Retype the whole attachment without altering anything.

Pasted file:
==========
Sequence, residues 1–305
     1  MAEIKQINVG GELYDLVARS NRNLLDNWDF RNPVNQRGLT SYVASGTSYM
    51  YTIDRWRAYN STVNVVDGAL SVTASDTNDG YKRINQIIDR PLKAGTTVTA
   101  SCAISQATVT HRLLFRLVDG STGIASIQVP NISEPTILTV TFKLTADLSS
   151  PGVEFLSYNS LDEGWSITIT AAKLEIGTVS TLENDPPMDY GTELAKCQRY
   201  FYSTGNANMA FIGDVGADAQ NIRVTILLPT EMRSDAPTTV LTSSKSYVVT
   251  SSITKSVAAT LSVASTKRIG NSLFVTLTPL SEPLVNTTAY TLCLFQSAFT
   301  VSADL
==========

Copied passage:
Sequence, residues 1–305
     1  MAEIKQINVG GELYDLVARS NRNLLDNWDF RNPVNQRGLT SYVASGTSYM
    51  YTIDRWRAYN STVNVVDGAL SVTASDTNDG YKRINQIIDR PLKAGTTVTA
   101  SCAISQATVT HRLLFRLVDG STGIASIQVP NISEPTILTV TFKLTADLSS
   151  PGVEFLSYNS LDEGWSITIT AAKLEIGTVS TLENDPPMDY GTELAKCQRY
   201  FYSTGNANMA FIGDVGADAQ NIRVTILLPT EMRSDAPTTV LTSSKSYVVT
   251  SSITKSVAAT LSVASTKRIG NSLFVTLTPL SEPLVNTTAY TLCLFQSAFT
   301  VSADL